Moments ago, GM, now fully non-government backstopped (and perhaps because of), reported adjusted US vehicle sales of 230,157, a decline of 6.3% from the 245,733 cars delivered a year earlier, on expectations of a 1.5% increase in sales. As Kurt McNeil, VP of US sales, announced "“December started a little slow but sales were stronger later in the month, especially in the week between Christmas and New Year’s. We didn’t make any big changes to our ‘go-to-market’ strategy during the month, which is to offer competitive incentives and market aggressively, and we are carrying good momentum heading into January." GM also was quick to put blame on wintry weather in December - fear not though, they won't be the last. It was unclear just how substantial GM's incentives were in a month in which below margin inventory liquidation was the name of the game for all retailers: we expect to learn soon.
Still, despite the weak December, GM did report a 7.3% increase in total 2013 sales, which rose from 2.6 million to 2.786 million sales, although judging by the weak end of year performance, many prospective buyers may have tapped out their government-funded car loans, which as we reported a month ago, represented together with student loans some 99% of all loan issuance in the past year!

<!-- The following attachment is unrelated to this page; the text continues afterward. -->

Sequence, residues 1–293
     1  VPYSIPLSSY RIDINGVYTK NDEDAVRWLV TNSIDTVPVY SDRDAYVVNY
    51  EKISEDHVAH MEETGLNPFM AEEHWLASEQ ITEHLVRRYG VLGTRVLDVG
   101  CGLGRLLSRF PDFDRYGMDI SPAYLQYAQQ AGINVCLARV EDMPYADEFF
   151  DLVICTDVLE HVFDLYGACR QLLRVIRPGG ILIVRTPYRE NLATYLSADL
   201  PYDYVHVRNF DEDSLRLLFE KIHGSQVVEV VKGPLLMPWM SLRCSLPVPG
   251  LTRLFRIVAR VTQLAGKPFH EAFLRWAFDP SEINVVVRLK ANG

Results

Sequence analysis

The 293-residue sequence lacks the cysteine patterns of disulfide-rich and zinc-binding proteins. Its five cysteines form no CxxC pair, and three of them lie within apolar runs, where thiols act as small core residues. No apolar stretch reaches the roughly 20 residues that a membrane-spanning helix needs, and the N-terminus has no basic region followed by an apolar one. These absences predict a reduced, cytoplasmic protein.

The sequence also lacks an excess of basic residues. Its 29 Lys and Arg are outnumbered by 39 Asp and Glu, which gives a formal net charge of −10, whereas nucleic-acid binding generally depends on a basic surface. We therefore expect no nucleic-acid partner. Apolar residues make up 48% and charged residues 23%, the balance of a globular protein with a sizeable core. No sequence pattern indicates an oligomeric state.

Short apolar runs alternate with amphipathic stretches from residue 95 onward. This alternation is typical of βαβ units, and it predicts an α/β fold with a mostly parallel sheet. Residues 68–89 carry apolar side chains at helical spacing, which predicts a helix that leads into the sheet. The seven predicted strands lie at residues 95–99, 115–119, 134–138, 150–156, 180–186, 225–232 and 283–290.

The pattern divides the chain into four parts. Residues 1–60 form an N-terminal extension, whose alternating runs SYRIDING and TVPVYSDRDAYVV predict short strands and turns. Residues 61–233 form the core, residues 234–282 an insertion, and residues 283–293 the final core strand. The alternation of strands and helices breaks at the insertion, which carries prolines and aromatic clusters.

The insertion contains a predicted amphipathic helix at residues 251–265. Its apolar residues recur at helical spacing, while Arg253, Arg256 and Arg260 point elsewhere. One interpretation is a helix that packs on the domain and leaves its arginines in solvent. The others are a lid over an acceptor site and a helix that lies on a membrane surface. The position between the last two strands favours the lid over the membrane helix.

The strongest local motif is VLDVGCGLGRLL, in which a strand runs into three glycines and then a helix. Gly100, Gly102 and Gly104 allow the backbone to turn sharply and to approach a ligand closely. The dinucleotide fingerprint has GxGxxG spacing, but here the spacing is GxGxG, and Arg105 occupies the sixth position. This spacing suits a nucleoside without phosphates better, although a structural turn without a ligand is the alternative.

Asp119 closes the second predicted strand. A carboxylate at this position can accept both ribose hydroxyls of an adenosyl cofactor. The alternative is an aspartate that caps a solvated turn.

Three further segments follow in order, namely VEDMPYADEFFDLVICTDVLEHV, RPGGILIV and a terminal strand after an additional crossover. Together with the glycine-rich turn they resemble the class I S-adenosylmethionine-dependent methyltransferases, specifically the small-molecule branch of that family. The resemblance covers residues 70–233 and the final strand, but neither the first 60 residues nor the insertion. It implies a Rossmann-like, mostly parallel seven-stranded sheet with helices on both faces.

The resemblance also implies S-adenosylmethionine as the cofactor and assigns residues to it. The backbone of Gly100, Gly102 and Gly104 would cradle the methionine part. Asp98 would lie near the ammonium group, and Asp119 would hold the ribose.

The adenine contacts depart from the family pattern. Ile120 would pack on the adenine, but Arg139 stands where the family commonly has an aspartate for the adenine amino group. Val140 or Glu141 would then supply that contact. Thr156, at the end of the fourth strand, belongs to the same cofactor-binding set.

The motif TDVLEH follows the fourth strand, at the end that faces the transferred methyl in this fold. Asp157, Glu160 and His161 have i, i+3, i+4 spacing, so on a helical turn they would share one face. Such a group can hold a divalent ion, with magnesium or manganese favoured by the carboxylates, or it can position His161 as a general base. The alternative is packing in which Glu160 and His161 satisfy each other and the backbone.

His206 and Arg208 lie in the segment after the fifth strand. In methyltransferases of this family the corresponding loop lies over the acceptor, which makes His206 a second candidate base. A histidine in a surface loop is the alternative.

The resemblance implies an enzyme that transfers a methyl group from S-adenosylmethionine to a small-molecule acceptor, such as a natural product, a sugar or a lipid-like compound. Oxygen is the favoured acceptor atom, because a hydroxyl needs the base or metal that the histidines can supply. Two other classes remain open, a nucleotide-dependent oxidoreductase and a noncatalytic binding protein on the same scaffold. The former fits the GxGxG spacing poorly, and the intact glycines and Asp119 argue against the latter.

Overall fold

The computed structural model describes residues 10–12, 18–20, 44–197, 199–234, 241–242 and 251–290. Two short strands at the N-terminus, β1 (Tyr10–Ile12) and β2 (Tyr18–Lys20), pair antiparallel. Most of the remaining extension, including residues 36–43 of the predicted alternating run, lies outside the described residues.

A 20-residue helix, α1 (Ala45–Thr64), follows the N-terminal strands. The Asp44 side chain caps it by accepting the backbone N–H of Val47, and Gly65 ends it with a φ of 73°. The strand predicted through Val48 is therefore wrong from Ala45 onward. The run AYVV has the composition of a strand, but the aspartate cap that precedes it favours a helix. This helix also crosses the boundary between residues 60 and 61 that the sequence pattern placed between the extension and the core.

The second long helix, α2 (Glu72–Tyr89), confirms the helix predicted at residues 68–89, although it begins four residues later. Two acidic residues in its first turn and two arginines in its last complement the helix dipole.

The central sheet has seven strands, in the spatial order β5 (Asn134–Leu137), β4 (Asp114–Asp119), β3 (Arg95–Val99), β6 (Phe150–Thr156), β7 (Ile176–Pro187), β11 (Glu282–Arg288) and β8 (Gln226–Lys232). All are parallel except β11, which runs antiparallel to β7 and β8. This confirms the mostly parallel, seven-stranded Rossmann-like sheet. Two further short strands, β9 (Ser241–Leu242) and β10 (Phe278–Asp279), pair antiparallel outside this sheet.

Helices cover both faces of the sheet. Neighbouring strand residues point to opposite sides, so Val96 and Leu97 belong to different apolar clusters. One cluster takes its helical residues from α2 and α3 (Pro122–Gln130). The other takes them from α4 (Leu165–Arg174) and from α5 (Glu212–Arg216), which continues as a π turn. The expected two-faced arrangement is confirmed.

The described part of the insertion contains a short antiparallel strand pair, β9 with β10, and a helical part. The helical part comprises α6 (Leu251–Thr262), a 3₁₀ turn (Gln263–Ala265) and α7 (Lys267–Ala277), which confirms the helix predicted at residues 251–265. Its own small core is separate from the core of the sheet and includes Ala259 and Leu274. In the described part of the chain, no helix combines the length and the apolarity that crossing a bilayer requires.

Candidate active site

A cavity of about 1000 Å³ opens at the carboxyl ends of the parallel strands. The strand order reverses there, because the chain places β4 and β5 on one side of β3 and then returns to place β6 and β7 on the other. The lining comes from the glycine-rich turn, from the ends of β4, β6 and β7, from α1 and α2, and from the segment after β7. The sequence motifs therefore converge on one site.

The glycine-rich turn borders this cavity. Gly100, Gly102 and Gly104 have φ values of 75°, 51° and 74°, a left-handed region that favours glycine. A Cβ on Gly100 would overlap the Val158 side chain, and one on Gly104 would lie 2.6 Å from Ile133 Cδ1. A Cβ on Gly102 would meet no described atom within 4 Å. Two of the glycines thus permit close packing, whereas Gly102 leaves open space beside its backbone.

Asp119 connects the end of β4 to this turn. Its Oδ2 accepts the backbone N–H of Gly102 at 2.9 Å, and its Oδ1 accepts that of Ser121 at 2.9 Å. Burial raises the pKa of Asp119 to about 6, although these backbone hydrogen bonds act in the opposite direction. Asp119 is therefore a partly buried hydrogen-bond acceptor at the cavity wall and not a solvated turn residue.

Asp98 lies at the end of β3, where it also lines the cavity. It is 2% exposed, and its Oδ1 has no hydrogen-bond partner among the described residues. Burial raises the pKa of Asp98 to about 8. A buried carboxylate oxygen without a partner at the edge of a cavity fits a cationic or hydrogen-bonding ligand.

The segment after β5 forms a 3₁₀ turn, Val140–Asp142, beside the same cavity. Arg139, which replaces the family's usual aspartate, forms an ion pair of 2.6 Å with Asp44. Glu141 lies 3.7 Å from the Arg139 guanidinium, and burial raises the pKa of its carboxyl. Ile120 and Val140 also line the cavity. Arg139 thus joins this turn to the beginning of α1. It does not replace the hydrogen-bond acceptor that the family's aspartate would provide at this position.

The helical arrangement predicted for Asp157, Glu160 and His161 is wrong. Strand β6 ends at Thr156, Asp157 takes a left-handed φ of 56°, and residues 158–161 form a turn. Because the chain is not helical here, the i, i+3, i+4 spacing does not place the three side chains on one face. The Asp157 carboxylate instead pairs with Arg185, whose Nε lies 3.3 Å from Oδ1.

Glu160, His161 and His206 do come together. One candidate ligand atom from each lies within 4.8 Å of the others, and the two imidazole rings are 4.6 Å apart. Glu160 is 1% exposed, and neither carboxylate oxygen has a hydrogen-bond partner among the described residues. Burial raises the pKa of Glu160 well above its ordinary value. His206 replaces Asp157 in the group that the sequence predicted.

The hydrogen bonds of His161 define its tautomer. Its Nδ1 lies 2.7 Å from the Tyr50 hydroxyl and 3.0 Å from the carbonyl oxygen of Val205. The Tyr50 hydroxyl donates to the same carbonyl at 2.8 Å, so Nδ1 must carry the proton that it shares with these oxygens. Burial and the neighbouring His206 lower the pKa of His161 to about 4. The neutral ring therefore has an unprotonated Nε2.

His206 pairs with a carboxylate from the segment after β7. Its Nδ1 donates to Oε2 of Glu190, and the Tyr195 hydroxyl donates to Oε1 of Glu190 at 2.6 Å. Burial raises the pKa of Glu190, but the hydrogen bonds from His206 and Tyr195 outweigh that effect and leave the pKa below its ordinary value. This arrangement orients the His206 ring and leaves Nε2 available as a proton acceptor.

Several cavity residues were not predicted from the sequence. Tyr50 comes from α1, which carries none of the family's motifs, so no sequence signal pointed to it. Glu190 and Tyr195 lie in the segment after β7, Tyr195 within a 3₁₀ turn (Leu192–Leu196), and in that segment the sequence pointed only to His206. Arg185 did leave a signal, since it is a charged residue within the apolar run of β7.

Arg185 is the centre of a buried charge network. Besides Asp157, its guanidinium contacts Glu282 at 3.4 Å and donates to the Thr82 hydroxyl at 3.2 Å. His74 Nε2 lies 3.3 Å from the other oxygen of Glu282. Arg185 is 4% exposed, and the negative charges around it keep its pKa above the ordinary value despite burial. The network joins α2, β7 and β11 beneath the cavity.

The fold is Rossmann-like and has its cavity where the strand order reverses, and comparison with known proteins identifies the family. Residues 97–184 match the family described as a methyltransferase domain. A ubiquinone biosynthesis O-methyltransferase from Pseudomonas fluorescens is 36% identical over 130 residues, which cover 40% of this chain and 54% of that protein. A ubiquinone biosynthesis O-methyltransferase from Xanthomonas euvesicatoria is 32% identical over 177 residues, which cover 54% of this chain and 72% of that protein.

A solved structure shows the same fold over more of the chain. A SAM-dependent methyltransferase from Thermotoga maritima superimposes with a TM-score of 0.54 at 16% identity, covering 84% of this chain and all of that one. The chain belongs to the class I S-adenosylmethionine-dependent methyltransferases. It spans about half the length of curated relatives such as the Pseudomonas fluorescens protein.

The full breakdown of GM's December car sales can be seen below: of note - the surge in Corvette sales, which GM said had its best December sales since 2006. Perhaps less exciting was the 9.2% Y/Y drop in Volt sales. Are Americans losing their fascination with electric cars?
But perhaps the most interest datapoint in today's release, and one which may explain why GM's sales missed, was that the car's near record channel stuffing, which as we reported last month had soared in the past three months at a record pace, and was just shy of its all time high, saw a modest decline from 780K to 748K. Still, the latter number was still the highest ever December GM dealer inventory for the month of December in the restructured company's history. It would appears even dealers can't take any more, which also means to expect significant weaknesses in the various January manufacturing diffusion indexes and hard data points.